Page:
Friday, February 15, 2019
Following in his Footsteps
This is obviously not a real 1984 Kirby Puckett card - I finally caved and bought one of the ACEO customs off eBay. It's not bad, actually, card stock is thin compared to 1984 Topps, but it's on par with recent card issues.
The post today is all about the guys that followed in Kirby's footsteps. Puckett was a franchise player, a Hall of Fame talent with World Series heroics in two different Fall Classics.
Puckett was a 6 time Gold Glove winner - and was the Twins' primary Center Fielder from his rookie season of 1984 up through the 1993 season. Reaching his mid thirties but still providing average and power at the plate, the Twins made the difficult but wise decision to move him to Right Field where he could still make impact plays covering a smaller piece of Astroturf.
Replacing a 6X Gold Glove winner would not be easy, and the transition was not particularly smooth. In 1994, they tried Alex Cole. He certainly was fast, stealing 29 bases, but he wasn't nearly the hitter Puckett was.
Matt Lawton was not a Center Fielder by trade, but the Twins did try him there over 100 times during his 7 seasons in Minnesota. Ultimately, he would replace Puckett in Right Field instead of in Center.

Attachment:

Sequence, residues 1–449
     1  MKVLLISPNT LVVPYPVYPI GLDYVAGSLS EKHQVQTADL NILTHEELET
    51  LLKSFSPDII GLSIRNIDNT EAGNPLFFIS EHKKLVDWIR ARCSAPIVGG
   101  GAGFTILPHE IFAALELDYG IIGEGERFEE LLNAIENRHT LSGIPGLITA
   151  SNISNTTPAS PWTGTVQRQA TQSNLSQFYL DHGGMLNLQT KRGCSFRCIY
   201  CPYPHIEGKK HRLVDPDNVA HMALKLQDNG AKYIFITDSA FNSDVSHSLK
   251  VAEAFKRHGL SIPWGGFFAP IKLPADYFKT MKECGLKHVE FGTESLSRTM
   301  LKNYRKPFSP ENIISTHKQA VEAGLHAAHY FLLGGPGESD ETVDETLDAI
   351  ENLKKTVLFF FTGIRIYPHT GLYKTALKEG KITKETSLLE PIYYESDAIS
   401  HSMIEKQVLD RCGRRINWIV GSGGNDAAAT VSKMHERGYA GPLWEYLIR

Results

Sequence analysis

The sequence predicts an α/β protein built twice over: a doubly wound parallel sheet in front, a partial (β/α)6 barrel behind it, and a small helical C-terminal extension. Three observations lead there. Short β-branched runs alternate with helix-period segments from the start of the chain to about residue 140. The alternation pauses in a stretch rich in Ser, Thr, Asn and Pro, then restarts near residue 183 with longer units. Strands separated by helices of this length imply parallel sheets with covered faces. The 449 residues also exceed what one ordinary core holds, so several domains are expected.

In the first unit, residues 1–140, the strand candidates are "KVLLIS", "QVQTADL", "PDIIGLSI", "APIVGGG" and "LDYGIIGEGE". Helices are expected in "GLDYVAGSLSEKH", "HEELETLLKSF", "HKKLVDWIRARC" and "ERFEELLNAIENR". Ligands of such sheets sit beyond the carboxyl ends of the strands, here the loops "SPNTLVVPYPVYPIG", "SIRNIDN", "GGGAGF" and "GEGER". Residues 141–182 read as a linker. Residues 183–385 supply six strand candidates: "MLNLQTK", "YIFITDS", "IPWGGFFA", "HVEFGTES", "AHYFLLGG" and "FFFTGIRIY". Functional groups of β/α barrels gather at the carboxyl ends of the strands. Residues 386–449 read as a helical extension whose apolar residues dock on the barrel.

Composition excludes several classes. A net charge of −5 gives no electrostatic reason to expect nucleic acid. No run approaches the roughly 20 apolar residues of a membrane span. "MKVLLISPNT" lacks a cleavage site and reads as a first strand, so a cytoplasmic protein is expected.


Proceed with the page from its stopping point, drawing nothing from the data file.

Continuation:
Rich Becker was the primary Center Fielder in 1995 through 1997 for the Twins. He had a decent glove and a roughly league average bat. He had a really promising 1996 season, but ultimately he couldn't hit lefties and wasn't able to stay healthy.
In 1998, the Twins went old school, adding veteran Otis Nixon, who was 39, but looked about 65 (as he did for most of his career). As much as he looked like a senior citizen, he ran like the wind. He swiped 37 bases for the Twins, in what would be his second to last season in the big leagues.
More than anyone else on this list, Torii Hunter went the longest way towards "replacing" Kirby Puckett. He was drafted by the Twins in 1993, the same year that Puckett was transitioning from Center to Right. Hunter made his debut in September of 1997, pinch running for Paul Molitor. It would be 1999 before he was up to the big leagues as the Twins' everyday Center Fielder.
Hunter's defense was outstanding, probably a step above Puckett in center. He was a nine time Gold Glove winner, including every season for Minnesota from 2001 to 2007. His bat was a work in progress early in his career, but he developed bat on ball skills and power mid way through his career. He never really cut down on strikeouts, but the league would catch up to him in that regard and strikeouts would be less of an issue for everyone. Hunter actually has an intriguing if tough case for the Hall of Fame. 350+ homers, nearly 1,400 RBI, 2450+ hits, 9 Gold Gloves, 5 All Star appearances. He never finished higher than 6th in MVP voting, and he never played in a World Series, so that will probably keep him out of serious consideration.
When Hunter left via free agency in 2008, the Twins were better prepared with a few first round draft picks.